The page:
Considering possibility of more evacuation flights from Kabul: India on Afghan crisis
The last evacuation flight had about 40 people, and there were reports that Afghan nationals were facing difficulties in reaching the airport. Indian evacuation flights have so far brought back more than 550 people, including more than 260 Indians, from Kabul or Dushanbe. The government has also facilitated the evacuation of Indians through other countries.
India is considering the possibility of mounting more evacuation flights to bring back nationals still in Afghanistan even as the government has adopted a cautious approach to recognising any new set-up in Kabul in view of the fluid situation there.
At least 20 Indian nationals and some 140 Afghan Sikhs and Hindus were unable to access Kabul airport to board a military evacuation flight on Wednesday, reportedly due to impediments created by the Taliban. The security situation at the airport has taken a turn for the worse after Thursday’s devastating suicide attack by the Islamic State-Khorasan that killed nearly 100 people, including 13 US military personnel.
External affairs ministry spokesperson Arindam Bagchi declined to give an exact number for Indian citizens who are still in Afghanistan, saying the figure changes as requests come in from people to be evacuated, though he acknowledged that at least 20 Indians had missed the flight from Kabul on Wednesday.
“Our overall assessment is that the vast majority of Indians who wished to return have been evacuated, but of course, some more are likely to be in Afghanistan. I don’t have an exact number for that,” he told a regular weekly news briefing on Friday.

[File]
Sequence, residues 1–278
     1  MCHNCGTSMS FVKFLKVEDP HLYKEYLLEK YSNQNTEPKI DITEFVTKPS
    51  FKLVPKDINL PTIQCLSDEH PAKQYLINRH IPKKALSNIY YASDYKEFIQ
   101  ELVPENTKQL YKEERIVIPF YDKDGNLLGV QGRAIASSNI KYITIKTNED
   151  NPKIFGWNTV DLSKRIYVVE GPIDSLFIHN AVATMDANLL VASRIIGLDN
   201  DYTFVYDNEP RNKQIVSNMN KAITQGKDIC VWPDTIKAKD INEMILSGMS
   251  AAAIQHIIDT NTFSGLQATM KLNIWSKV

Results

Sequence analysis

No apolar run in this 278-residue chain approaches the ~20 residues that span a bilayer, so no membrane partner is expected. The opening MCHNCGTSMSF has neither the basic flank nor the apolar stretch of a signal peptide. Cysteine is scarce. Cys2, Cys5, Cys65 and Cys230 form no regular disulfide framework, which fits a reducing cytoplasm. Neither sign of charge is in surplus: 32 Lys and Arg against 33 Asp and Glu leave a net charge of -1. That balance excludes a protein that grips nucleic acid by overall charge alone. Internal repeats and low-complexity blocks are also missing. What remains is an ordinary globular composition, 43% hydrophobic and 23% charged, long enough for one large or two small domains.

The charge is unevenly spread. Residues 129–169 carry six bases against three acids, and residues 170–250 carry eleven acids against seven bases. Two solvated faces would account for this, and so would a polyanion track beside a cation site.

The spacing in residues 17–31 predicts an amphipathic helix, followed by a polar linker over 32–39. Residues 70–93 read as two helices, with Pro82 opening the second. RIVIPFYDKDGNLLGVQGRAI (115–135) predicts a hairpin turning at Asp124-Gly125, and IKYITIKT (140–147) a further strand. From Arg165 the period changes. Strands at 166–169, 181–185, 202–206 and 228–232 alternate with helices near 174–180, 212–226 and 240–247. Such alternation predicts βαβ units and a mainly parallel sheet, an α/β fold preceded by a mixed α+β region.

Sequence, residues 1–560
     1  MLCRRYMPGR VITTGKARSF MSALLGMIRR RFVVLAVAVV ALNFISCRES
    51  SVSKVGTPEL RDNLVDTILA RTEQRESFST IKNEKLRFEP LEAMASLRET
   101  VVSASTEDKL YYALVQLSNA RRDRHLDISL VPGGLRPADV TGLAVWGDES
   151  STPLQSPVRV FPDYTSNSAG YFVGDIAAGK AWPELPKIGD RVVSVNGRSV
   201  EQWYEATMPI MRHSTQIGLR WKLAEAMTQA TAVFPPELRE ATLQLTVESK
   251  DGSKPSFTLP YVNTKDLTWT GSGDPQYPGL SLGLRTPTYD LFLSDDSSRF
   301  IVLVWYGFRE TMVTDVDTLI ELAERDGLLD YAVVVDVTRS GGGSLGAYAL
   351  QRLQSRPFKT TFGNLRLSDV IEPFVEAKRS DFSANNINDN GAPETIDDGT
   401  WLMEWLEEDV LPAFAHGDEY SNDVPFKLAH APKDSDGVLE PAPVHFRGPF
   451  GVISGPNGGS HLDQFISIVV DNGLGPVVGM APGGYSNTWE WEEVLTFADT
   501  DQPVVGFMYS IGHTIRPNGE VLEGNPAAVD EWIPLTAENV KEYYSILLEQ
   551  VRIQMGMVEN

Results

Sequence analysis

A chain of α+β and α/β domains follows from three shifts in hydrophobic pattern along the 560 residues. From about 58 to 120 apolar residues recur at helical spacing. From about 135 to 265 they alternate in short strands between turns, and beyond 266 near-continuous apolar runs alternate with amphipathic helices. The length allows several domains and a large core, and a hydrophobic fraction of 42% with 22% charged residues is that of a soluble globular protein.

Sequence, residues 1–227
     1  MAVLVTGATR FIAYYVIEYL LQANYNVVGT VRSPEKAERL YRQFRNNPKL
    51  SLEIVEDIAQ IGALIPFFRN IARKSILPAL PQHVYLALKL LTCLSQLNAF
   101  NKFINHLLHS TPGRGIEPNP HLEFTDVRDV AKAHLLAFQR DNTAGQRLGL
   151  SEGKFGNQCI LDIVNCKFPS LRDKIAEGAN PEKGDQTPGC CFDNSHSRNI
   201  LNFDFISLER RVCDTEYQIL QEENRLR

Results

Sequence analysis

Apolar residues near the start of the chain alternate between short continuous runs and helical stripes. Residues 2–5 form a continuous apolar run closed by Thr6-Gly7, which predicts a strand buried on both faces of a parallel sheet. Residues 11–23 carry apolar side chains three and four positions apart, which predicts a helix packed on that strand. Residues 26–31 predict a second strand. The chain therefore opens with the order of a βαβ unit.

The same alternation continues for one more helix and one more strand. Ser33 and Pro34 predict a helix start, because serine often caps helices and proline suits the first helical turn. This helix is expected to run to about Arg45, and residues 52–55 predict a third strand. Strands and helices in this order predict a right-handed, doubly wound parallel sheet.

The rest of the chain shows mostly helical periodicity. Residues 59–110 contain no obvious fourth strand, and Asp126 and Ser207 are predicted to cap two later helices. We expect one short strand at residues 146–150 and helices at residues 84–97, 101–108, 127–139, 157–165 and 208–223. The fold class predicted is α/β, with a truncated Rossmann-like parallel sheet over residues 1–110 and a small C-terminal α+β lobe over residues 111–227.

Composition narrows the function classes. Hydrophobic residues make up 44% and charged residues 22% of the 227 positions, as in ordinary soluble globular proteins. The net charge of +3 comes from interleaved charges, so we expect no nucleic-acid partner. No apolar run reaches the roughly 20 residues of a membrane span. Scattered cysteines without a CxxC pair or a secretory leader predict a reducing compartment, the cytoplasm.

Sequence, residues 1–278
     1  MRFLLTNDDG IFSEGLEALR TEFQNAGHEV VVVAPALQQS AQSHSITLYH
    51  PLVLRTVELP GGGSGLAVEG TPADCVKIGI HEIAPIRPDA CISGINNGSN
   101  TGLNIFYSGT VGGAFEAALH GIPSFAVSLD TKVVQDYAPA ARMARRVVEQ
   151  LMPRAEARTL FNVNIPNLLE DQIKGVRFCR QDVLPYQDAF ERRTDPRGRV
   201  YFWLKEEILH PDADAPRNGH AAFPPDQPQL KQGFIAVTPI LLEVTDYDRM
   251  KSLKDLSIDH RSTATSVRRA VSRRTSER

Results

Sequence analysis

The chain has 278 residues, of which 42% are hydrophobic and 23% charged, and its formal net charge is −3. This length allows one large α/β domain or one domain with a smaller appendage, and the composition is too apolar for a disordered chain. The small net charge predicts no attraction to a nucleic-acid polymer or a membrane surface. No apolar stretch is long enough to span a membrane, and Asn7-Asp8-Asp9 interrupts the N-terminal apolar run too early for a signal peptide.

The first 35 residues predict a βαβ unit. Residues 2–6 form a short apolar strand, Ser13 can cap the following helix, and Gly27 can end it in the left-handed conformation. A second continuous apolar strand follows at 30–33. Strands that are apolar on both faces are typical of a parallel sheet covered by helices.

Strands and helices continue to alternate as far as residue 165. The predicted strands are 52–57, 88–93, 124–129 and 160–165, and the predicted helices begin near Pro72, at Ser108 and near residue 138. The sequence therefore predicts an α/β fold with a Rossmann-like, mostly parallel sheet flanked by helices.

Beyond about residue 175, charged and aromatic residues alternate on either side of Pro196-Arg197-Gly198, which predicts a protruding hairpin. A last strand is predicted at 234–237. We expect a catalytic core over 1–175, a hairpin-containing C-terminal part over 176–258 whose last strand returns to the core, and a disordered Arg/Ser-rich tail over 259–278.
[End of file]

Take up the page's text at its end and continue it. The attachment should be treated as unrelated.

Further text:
Describing the situation on the ground as “very difficult”, he said India is in touch with “various parties regarding when we can mount evacuation flights”.
The last evacuation flight had about 40 people, and there were reports that Afghan nationals were facing difficulties in reaching the airport. “Some Indians, say around 20...were also trying to reach [the airport] and as you’ve seen the kind of chaos at the airport, they could not reach. And so our flight had to come without these Indian nationals,” he said.
Indian evacuation flights have so far brought back more than 550 people, including more than 260 Indians, from Kabul or Dushanbe. The government has also facilitated the evacuation of Indians through other countries.
These evacuation efforts have involved coordination with several countries, particularly the US, which controls Kabul airport, and Tajikistan, Uzbekistan and Iran.
While the current focus is on the safe evacuation of people, India, like other countries, has adopted a wait and watch attitude on the issue of recognising any Taliban regime in Kabul.
“The situation on the ground is uncertain...Currently, there is a lack of clarity or no clarity about any entity forming a government in Kabul. I think we are jumping the gun here regarding recognition,” Bagchi said.
“We continue to monitor the situation very carefully,” he said, adding there various reports about whether the next set-up in Kabul will be inclusive and whether other elements of Afghan polity will find representation in it.
“There is a peace process, and discussions are ongoing now. Let’s wait and see how it develops,” he said.
Bagchi reiterated that India will “stand by Afghans who stood by us”, and said a recent incident of an Afghan MP being sent back to Turkey after she travelled to New Delhi on her diplomatic passport was the outcome of “confusion”.
After the security situation deteriorated following the Taliban takeover on August 15, groups of people raided one of India’s outsourcing agencies handling Afghan passports with Indian visas.
“In the light of the loss of Afghan passports containing Indian visas, our authorities were in a state of high alert,” he said, adding that the resultant confusion led to the “unfortunate incident of denial of entry” to the Afghan MP.
Responding to a question on the status of Afghans who enter India through a new emergency e-visa regime, Bagchi said they would be allowed to stay in the country for six months.
“We will take it from there...that’s the current plan for six months. This is an evolving situation, I think making long-term plans has not been the best of ideas considering the changes of the last few days,” he said.
“India has always been a place where people have come in times of distress; people have come here before this problem started. Discussions are going on to see what can be the modalities, how to deal with Afghans already here.”